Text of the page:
Aniseikonia Detection May Not Be Achieved Through Visual Acuity Screening

Visual acuity examination may not detect aniseikonia.

Insignificant visual acuity changes in individuals with aniseikonia may not allow aniseikonia detection during a clinical examination, according to a study published in Clinical and Experimental Optometry. This finding indicates that visual acuity cannot be used as a marker for aniseikonia, according to the report.

Researchers included 10 individuals (age range, 18-21 years; women, 6) in the investigation and introduced aniseikonia up to 20% using 2 different methods, which included lenses to minify the field of view and polaroid filters that allowed vectographic viewing of optotypes on a 3 dimensional computer monitor. The team measured best corrected visual acuity (BCVA) on conventional logarithmic progression format vision charts and isolated optotypes in both induced aniseikonic conditions.

[V]isual acuity cannot be used as a marker of aniseikonia in clinical settings.

There was a small, but statistically significant increase in the binocular visual acuity thresholds with induced aniseikonia, with 0.06 logarithm of the minimum angle of resolution (logMAR) being the largest deficit for 20% size differences between the eyes, according to the report. For aniseikonia of 9% or greater, binocular visual acuity was worse than monocular visual acuity. Slightly higher thresholds (0.01 logMAR) were observed for acuity measured with the vectographic presentation compared with those viewed with the lenses. The research team also noted slightly higher thresholds (0.02 logMAR) for visual acuity measured with charts compared with isolated letters.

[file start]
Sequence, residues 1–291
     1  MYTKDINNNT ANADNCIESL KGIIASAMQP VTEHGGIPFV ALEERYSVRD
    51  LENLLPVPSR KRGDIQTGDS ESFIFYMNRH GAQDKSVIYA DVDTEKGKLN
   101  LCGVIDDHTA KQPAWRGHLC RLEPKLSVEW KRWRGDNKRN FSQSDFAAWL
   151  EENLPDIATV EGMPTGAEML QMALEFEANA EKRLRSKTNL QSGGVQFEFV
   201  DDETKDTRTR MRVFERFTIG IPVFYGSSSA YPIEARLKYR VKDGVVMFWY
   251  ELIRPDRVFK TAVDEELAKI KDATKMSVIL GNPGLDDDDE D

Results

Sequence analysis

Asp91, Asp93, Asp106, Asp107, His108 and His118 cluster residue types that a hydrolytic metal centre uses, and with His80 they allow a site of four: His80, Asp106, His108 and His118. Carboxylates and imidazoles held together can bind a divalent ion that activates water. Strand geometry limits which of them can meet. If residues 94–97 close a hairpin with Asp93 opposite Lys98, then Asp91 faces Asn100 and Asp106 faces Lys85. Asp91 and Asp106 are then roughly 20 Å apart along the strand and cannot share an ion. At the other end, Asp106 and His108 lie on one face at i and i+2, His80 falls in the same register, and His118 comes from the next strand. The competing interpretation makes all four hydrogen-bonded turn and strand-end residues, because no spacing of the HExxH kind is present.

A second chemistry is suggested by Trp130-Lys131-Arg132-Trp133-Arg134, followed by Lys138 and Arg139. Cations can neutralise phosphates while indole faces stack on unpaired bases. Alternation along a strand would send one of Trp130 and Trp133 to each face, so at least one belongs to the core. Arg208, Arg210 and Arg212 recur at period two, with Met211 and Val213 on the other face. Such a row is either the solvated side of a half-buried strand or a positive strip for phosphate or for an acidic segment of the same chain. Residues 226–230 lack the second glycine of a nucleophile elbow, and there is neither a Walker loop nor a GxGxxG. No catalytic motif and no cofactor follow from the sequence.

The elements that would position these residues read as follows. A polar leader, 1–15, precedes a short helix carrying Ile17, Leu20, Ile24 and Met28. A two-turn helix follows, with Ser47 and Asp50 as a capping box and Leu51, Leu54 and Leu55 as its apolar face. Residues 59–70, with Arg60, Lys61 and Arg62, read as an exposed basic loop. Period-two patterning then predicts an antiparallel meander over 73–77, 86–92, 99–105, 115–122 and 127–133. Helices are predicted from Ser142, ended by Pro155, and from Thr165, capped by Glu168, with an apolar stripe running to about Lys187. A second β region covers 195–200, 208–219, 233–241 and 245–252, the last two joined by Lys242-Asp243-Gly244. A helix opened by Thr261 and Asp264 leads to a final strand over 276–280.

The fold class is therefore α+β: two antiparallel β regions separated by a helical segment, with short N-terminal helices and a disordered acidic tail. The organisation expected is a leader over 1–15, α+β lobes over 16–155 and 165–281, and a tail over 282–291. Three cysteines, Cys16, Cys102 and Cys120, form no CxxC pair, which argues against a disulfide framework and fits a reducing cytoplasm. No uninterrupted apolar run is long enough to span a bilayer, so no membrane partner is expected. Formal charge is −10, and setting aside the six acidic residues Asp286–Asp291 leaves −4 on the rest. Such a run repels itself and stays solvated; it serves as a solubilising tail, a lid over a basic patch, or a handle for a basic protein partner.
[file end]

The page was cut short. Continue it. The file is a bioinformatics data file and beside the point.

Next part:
The study authors highlight the practical applications of these findings and stress that visual acuity examinations cannot allow aniseikonia detection.

“[V]isual acuity cannot be used as a marker of aniseikonia in clinical settings,” the investigators explain. “Even with very marked induced aniseikonia, binocular visual acuity remained well within standards for [licensing] of drivers.”

This study is limited by the inclusion of optometry students as participants and a failure to perform assessments that included individuals with pathological or physiological aniseikonia.


Seddon A, Chaki HM, Phan H-MJD, et al. Effects of induced aniseikonia on binocular visual acuity. Clin Exp Optom. Published online May 17, 2023. doi:10.1080/08164622.2023.2203315